An extremely busy week for both MPP and Minister of Labour Laurie Scott and local MP Jamie Schmale as major policy announcements in Ontario were followed by vandalism and Schmale visited Switzerland, hosted youth for mock parliament in Ottawa and continued his line of questioning around the Trans Mountain pipeline.
MP Schmale posted pictures on October 20th from a trip to Geneva, Switzerland where he participated in the Canadian delegation to the 139th meeting of the Inter-Parliamentary Union Conference in Geneva, Switzerland. The Inter Parliamentary Union bills itself as “a unique organization made up of national parliaments from around the world.” that works to “protect and build global democracy through political dialogue and concrete action.” Schamle is a member of the Canadian Group of the Inter-Parliamentary Union. Most of the focus in Geneva appears to have been around the role of women in Parliament.
On October 21 Schmale was back in Ottawa and sharing live video of students from each of his riding’s seven high schools who were participating in a mock question period. This event is called “Capital Experience” and on October 22 Schmale shared pictures from trips to the Supreme Court, the ambassador from the UAE, and the University of Ottawa and a taping of Power and Politics.
In the House of Commons on October 23, Schmale stood up to share the story of the “Capital Experience.” He introduced the participants in the House and noted the experience is intended to share career opportunities.
On October 23, Schmale also stood up to deliver a lengthy speech about Motion 161, a motion introduced on January 25th around an examination of suspension of criminal records to help people reintegrate into society. In his speech, Schmale praised a 2012 Conservative bill, C-10, (best known as the omnibus crime bill in 2012) and worried that Motion 161 was an attempt by the Liberal government to “prioritize the rights of criminals ahead of the rights of victims.”
Schmale repeatedly suggested in his speech that this motion should go directly to committee and asked the committee to “consider the balance Bill C-10 struck between recognizing the role record suspensions play in facilitating reintegration, ensuring the protection of our communities, particularly the most vulnerable, and placing victims rights at the forefront.“ Bill C-10 was controversial at the time it was introduced and was criticized as taking a flawed approach and Quebec refused to implement the bill at the time.
On October 25 and October 26 Schmale stood in the House to talk about the Trans Mountain Pipeline, specifically around Bill C-69. Calling it the “no more pipelines” bill Schmale claimed the bill means “more regulations and longer application times.” On both days he asked the Minister to kill the bill.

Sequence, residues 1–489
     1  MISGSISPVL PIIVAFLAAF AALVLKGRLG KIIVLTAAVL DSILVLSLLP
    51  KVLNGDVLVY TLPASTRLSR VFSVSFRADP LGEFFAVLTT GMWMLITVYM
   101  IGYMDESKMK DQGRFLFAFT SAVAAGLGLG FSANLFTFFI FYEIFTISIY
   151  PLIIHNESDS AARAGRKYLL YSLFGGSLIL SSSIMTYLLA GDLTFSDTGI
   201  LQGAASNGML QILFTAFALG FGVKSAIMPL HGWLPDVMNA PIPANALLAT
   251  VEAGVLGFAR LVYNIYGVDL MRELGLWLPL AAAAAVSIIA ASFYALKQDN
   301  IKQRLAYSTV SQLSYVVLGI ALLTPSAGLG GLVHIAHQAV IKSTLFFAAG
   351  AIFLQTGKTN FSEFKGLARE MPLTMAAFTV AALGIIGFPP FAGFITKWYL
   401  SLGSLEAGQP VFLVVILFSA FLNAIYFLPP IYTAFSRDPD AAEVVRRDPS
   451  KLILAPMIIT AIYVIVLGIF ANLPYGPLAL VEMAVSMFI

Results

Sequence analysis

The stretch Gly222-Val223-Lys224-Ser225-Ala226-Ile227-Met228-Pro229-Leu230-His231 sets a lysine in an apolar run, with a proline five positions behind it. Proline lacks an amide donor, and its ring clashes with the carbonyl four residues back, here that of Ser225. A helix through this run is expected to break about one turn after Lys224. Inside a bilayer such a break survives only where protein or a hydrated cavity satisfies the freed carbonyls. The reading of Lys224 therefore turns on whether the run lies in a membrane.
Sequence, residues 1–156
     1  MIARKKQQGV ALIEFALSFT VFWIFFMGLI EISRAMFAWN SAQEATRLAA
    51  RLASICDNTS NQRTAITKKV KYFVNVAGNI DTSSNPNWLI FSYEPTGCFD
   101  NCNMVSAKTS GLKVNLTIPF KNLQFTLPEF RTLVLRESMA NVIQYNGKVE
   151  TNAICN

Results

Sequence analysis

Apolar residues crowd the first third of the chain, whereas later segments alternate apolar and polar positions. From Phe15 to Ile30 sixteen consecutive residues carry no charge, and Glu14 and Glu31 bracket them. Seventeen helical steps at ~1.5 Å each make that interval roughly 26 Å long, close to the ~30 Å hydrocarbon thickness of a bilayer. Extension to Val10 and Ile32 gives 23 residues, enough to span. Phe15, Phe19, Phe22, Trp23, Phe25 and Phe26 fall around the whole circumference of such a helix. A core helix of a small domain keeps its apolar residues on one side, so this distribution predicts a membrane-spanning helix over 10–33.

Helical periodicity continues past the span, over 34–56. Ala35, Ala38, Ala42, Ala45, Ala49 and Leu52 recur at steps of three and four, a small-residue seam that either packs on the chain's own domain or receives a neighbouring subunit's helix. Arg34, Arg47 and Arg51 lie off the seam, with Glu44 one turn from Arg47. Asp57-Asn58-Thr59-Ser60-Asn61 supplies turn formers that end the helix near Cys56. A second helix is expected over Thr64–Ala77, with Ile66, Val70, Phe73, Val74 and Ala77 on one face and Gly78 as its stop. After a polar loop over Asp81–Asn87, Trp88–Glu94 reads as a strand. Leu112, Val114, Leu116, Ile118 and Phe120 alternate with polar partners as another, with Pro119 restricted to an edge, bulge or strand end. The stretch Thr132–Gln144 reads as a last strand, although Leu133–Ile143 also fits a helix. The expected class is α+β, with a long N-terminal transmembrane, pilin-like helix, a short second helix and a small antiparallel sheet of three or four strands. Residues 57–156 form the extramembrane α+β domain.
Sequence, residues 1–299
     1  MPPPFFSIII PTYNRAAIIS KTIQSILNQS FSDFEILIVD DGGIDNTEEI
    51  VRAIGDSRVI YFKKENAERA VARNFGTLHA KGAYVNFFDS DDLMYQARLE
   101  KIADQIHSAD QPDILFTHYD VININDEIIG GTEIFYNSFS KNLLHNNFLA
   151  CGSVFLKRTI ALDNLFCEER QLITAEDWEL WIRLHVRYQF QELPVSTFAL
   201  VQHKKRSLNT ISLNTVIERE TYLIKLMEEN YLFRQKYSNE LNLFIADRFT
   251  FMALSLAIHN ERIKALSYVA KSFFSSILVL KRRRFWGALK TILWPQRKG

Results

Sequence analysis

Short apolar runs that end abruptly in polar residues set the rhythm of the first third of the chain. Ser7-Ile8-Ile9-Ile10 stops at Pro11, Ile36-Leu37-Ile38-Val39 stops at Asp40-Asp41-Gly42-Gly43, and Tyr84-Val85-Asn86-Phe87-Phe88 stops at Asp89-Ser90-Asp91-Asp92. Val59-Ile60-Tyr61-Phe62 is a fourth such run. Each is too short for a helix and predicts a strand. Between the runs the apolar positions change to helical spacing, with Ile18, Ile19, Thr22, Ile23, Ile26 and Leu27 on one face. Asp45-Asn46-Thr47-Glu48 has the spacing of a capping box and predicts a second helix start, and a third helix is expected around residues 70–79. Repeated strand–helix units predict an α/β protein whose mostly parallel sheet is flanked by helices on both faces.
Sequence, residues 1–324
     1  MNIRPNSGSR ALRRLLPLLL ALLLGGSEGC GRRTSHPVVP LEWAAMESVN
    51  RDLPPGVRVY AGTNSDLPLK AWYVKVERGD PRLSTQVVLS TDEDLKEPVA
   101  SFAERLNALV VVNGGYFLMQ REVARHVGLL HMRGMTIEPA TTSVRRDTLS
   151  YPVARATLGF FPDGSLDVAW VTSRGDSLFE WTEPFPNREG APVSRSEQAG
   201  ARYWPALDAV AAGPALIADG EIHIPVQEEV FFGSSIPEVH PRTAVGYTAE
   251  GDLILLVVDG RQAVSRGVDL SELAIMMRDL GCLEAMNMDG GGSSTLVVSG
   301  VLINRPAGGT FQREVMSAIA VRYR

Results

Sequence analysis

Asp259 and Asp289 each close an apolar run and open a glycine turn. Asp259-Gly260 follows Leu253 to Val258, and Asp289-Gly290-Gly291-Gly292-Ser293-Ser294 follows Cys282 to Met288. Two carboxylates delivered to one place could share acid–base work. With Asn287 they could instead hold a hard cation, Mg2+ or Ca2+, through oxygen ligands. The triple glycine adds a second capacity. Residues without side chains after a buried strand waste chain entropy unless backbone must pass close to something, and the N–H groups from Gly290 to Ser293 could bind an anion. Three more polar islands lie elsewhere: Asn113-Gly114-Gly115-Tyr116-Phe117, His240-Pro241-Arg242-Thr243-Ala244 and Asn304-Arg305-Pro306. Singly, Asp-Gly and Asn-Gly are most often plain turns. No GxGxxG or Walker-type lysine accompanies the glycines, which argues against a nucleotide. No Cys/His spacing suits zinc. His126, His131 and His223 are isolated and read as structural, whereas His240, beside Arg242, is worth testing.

There were a number of votes this week that Schmale voted on including voting Yes on both Bill C-281 (Establish a National Local Food Day) and Bill S-245 which declared the Trans Mountain Pipeline Project and related works to be for the general advantage of Canada. Schmale voted no on a Private members bill around postal banking, and Bill C-76 around amendments to the Canada Elections Act.
Minister of Labour Laurie Scott’s week began with the introduction of Bill 47. A special edition of “For the Record” was published on Wednesday by the Lindsay Advocate to cover the reaction to this bill. Scott claimed a record 15 times this week on Twitter through either retweets or original posts that “Ontario is Open for Business.” This is in line with consistent conservative messaging which this week included the unveiling a new sign at the US/Canada border in Windsor with the same message. It is noted by iPolitics, that analysis by both the province and RBC that the Ontario economy has grown every year since 2014 when Kathleen Wynne became the premier.
Scott also attended a session of the Toronto chapter of the Canadian Club on the topic of sex trafficking. Attending with Lisa Macleod, this topic and the conversation surrounding it is an underreported part of Scott’s work in government. Reflected in previous bills she has introduced including Bill 158 (Saving the Girl Next Door, 2016) and her work pushing for greater training for judges around sexual assault.
The Legislative assembly was sitting this week and on October 24 and 25, Scott answers a series of questions around the newly introduced “Ontario Open for Business Act.” It included questions around a requirement to have doctors notes for any sick days taken, adding stress to an already overstretched medical system.
Scott’s response, “that there has to be some accountability when asked by an employer” prompted a supplementary about requiring proof before taking bereavement leave. Scott, in an interrupted response, concluded by saying “I know the members opposite are upset that we brought in a piece of legislation that puts Ontario open for business and gives workers the opportunity to have better employment. Maybe you should look at it that way.”
Andrea Horwath, the leader of the official opposition asked Scott “The deputy premier doesn’t lose a day’s pay when she takes a sick day. Why must other workers?” to which she repeated lines about Ontario being open for business. In fact on October 24, Conservatives as a whole repeated the words “open for business” 21 different times, and another 14 times on October 25.